Trends worth watching
The very concept of car-ownership will eventually become an anachronism, Dahan predicts. Were shifting from car ownership to mobility as a service. In the future, we wont need to own a car. Instead of the driving experience, well be talking about the journey experience.
This is where Israelis out-of-the-box thinking comes in. The industry is taking a leap forward, says GMs Grinberg-Felder. It takes creativity and innovation to shape the new ways people will consume transportation. We [Israelis] are not going to do everything from start to finish, but we can have a real impact as we enter a new transportation era.
She points to the role of GMs Israeli center in developing the Onstar system, GMs subscription-based connectivity platform that provides services such as in-vehicle security, hands-free calling, turn-by-turn navigation, automatic crash response and roadside assistance. It was a breakthrough when launched – navigation and connectivity are now part of every new car, and we have to keep one step ahead. We feed on increasing collaboration with the local start-up community, explains Grinberg-Felder.
Israeli start-ups are also making inroads in terms of electrics. Israel has a lot to offer, with some great grid management and battery companies, says Dahan. For example, DRiiVZ, which operates electric vehicle charging networks in North America and Europe, is becoming global now.
Another Israeli company making waves is Via, a flat-rate, real-time ridesharing network reached by mobile phone. The idea was inspired by the Israeli sherut shared taxi service, says Oren Shoval, co-founder and CTO. Our operating system produces dynamic public transportation. You book a seat, and a shuttle will pick you up within minutes. The fleet is dynamic, the scheduling is dynamic – its far more efficient.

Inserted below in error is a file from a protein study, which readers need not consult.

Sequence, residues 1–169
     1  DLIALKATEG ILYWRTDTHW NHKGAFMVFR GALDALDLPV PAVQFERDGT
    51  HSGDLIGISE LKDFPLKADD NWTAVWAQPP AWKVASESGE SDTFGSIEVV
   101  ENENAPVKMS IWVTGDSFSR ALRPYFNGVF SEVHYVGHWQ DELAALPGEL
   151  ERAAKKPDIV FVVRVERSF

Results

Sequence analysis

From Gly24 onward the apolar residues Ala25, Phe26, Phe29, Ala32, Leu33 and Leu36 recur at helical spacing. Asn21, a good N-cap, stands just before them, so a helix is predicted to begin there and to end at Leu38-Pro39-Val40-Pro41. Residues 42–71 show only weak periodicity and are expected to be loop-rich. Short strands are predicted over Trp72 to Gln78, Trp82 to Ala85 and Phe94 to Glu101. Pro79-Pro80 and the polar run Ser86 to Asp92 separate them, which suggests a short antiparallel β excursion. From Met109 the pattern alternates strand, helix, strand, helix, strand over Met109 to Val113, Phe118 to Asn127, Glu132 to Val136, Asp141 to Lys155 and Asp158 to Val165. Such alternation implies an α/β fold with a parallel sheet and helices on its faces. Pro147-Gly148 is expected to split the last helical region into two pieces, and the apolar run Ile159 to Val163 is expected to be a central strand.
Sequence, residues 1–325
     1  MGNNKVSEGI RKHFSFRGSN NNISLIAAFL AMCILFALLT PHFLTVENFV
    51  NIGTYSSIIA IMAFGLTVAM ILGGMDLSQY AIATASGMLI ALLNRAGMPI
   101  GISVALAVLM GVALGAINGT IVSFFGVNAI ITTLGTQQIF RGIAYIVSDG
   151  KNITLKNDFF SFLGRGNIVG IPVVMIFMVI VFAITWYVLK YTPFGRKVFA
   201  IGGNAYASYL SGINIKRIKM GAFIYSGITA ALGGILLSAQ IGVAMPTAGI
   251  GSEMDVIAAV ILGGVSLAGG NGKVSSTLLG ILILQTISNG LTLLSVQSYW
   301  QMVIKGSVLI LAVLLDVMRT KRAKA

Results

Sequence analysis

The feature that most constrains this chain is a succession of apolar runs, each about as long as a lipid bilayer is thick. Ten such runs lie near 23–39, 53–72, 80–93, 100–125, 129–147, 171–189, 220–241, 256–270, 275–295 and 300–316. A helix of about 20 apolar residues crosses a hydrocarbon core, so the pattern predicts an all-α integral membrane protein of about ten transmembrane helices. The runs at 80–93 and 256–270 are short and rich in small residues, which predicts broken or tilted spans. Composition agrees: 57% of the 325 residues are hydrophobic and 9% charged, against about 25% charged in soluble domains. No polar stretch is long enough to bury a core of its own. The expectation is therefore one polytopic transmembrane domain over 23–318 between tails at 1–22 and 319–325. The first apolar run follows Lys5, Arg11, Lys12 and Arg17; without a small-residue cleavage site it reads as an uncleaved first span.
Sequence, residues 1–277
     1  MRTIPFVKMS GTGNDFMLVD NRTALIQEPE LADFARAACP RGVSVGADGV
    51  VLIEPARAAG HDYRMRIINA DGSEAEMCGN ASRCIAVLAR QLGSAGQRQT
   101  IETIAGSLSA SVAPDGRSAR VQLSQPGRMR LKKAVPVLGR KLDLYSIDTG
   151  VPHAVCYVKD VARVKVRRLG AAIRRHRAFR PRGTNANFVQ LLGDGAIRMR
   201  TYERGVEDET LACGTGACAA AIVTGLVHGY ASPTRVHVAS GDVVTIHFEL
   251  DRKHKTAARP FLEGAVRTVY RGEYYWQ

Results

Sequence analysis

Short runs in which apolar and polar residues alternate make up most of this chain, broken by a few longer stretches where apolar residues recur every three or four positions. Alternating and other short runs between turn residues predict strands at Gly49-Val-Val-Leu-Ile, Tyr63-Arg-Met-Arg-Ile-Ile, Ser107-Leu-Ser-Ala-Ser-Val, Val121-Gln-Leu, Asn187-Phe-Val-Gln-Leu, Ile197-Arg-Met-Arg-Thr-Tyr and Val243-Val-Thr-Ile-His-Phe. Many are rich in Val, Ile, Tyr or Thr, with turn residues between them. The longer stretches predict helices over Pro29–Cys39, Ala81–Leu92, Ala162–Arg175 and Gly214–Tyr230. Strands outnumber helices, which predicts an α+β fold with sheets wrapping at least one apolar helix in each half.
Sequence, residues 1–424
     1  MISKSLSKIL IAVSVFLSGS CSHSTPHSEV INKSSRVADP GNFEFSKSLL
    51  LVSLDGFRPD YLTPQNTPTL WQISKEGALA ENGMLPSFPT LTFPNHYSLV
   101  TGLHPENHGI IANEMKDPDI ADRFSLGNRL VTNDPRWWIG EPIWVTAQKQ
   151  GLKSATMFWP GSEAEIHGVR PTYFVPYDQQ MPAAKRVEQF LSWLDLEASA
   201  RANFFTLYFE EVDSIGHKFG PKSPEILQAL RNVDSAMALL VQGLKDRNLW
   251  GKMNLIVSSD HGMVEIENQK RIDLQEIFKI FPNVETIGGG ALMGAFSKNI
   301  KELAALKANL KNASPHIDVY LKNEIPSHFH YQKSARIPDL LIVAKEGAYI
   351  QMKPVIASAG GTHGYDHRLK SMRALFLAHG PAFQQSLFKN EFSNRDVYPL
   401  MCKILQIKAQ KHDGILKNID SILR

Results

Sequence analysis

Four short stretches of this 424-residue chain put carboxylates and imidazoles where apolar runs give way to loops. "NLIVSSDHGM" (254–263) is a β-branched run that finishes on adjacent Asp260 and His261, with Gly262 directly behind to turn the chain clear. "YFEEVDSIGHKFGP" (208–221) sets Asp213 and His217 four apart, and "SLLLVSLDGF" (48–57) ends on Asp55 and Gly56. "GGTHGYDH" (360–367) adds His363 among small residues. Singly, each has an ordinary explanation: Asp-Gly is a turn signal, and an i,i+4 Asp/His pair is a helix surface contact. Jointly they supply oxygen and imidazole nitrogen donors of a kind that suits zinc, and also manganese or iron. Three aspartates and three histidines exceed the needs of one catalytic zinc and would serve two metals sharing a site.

The operating platform was launched in New York in late 2013, successfully applied to Chicago and Washington DC, and is now spreading to local transportation operators in other North American and European cities. The New York-based company, which has already provided tens of millions of rides and now employs over 100, kept its engineering team in Tel Aviv. People here are very energetic and motivated. They know how to work together. Theyre extremely bright and move fast. Theyre always open to new technologies and listen to customer feedback, says Shoval, who formed the company with fellow Israeli CEO Daniel Ramot. Israel is doing great because we have a lot of talented and motivated people. Mobility technology is moving – theres lots of potential here.
Sharing the information
As cars become increasingly computerized and interconnected, they generate more data: what their users are doing, fuel levels, tire pressures, speed, trip duration and so on. And with the advent of autonomous vehicles, the amount of this data is increasing multifold.
Herzliya-based startup Otonomo has come up with an ecosystem for sharing this information with third parties such as insurance companies, fleet managers and car manufacturers via its cloud-based marketplace – effectively acting as broker between end users, manufacturers, app developers and service providers.
The industry is going through a transition, says Yael Rivkind, Partnership and Marketing Manager at Otonomo. Massive amounts of data are being generated. This data can be leveraged to introduce more and maximize products, with embedded solutions making it easy to access different services.
Great things are expected from the connected car data platform. In less than two years, the 45-strong startup Otonomo has raised $37 million. Strong investors joined us from Day One, while new strategic investors have come on board this year, says Rivkind. As well as Daimler-Mercedes and BMW, were working with seven other companies that we cannot mention.
As an Israeli company, says Rivkind, Otonomo is well positioned. We have a great advantage – a broader view of the transportation needs of the future, of smart cities. We understand the requirements and have a good view of where the industry is headed. Its all about timing. Three years ago, we wouldnt have succeeded the way we are today.